Russia has made space tourism pay, by charging over $110 million to
carry five billionaires to the International Space Station. The fifth such
tourist was launched two days ago. Russia agreed to the program in the late 1990s,
as its space program was falling apart from lack of cash. The money situation
has improved, thanks mainly to a booming economy. But the additional revenue
from the tourists has made a difference as well, providing a few percent more
money to the space operations budget, as well as lots of favorable
publicity. It's also the first
profitable commercial venture in space. The company that actually makes the
deals with the prospective tourists, Space Adventures, is based in the United
States. NASA was unwilling to provide transportation into space, but the
April 5, 2007:
The newly elected leader of Chechnya was installed in office. Ramzan
Kadyrov is criticized as a pro-Russian warlord, but that's what he is, and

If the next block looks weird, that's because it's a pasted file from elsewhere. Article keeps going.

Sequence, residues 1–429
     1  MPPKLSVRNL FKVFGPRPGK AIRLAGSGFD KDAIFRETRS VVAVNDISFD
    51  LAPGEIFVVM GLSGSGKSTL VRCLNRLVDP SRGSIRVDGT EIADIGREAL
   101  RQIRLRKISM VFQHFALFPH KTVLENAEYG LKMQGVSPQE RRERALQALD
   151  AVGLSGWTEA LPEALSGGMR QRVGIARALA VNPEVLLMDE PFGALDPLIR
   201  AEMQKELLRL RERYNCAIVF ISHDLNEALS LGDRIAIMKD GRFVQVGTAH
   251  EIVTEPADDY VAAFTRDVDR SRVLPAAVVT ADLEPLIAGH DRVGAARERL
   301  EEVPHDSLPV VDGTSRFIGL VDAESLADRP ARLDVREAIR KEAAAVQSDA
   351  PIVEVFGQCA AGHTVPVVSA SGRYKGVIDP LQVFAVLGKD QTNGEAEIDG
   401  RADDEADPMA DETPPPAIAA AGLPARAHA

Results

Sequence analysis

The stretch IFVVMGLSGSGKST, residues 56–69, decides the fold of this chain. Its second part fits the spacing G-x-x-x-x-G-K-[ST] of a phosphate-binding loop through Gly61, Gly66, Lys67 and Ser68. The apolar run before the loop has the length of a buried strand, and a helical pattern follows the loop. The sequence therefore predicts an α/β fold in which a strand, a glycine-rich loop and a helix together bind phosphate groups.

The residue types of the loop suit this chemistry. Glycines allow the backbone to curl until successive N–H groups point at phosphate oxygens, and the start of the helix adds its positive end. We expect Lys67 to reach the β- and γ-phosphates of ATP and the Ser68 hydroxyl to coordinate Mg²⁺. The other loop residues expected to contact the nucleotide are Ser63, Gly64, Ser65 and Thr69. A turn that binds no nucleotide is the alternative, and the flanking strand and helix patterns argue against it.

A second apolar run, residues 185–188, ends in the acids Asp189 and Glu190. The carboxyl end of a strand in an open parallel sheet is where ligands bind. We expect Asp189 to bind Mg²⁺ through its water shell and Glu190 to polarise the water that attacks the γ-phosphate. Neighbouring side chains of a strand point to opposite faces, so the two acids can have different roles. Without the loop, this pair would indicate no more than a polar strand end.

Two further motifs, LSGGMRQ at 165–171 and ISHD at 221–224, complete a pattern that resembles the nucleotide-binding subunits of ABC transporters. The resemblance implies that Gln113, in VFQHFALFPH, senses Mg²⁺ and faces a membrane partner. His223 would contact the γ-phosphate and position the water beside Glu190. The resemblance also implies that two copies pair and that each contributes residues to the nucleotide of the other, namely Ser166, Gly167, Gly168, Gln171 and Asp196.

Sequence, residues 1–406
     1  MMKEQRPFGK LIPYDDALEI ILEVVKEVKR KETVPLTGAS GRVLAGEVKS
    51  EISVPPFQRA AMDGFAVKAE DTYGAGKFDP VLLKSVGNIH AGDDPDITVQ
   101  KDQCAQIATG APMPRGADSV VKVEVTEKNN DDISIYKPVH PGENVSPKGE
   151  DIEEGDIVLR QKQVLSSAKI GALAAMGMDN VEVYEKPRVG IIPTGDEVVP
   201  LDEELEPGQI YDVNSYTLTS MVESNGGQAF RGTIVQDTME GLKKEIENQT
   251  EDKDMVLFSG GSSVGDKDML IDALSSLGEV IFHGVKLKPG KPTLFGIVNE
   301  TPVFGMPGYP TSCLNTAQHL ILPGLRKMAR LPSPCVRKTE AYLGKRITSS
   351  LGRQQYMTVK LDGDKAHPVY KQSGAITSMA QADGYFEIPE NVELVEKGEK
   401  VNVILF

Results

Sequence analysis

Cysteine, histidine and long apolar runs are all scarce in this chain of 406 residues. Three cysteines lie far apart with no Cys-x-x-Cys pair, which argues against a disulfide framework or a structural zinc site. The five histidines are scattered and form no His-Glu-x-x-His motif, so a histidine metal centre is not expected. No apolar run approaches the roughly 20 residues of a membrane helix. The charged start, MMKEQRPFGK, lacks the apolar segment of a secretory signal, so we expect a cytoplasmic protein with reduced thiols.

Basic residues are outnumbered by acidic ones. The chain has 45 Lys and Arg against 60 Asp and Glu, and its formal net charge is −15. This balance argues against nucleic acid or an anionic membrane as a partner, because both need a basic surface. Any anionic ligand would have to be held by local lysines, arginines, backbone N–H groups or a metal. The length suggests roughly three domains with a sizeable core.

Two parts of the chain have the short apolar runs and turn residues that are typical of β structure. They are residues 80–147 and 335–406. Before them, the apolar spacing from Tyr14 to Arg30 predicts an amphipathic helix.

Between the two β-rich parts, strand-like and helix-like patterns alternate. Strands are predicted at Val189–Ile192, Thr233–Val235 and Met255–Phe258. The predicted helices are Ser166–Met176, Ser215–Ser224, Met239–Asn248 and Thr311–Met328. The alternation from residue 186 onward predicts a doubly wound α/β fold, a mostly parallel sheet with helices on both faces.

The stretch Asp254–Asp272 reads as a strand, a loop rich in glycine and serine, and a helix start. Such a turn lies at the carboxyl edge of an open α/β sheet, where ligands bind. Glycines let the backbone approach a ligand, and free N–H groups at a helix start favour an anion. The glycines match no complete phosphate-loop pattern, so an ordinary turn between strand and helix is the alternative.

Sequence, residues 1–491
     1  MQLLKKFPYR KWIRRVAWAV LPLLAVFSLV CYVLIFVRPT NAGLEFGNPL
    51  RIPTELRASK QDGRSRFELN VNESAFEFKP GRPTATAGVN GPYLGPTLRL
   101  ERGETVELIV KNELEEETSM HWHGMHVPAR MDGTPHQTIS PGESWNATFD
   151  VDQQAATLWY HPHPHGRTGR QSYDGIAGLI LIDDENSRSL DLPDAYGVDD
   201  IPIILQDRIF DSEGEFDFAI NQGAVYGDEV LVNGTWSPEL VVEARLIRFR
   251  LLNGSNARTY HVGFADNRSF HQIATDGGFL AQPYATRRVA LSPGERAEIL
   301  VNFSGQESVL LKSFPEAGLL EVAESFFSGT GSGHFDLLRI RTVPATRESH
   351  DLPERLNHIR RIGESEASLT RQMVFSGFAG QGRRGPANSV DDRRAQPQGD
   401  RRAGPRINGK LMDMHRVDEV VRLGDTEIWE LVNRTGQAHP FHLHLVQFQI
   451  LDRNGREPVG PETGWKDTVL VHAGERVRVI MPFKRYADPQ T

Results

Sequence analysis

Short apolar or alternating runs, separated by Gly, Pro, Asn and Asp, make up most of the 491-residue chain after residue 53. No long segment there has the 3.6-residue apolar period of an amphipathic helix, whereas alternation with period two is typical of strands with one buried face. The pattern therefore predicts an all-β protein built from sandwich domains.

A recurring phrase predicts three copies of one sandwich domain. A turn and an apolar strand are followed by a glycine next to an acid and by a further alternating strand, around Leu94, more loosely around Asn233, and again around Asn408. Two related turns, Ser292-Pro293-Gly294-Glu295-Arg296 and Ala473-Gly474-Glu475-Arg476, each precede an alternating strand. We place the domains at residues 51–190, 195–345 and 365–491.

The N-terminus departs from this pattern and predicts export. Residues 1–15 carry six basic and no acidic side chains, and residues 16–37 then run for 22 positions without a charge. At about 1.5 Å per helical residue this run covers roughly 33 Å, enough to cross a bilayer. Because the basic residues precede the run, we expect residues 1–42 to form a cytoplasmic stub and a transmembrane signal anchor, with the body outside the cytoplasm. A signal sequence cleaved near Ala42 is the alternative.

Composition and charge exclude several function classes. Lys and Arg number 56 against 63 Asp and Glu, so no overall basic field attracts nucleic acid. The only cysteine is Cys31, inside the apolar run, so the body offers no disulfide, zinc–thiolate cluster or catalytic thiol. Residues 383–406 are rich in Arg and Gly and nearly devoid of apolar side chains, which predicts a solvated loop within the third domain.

that's what the Russians want.
April 4, 2007:
After two weeks of preparations, Chechen police cornered and killed
Suleiman Elmurzaye, the leader of rebel groups in the southeast part of the
province. Ten of Elmurzayes followers
were killed or captured in the action.
April 1, 2007:
Pro and anti-Russian Ukrainians held large demonstrations in the
capital. Over three centuries of Russian occupation brought many Russian
settlers into Ukraine, and their descendents want a pro-Russian government. The
anti-Russian groups fear that Russia will take over again. Russia supports the
pro-Russia Ukrainians politically and financially, and wants a Ukraine that is
less a part of Europe, and more a compliant ally of Russia. March 31, 2007: Russia is making the most of its canceling
$4.7 billion of debts Algeria owed it, mainly for Cold War era arms purchases.
Last year, Algeria ordered eight billion dollars of Russian weapons, and is now
negotiating another seven billion dollars worth. Algeria is also ordering
billions of dollars in Russian commercial products.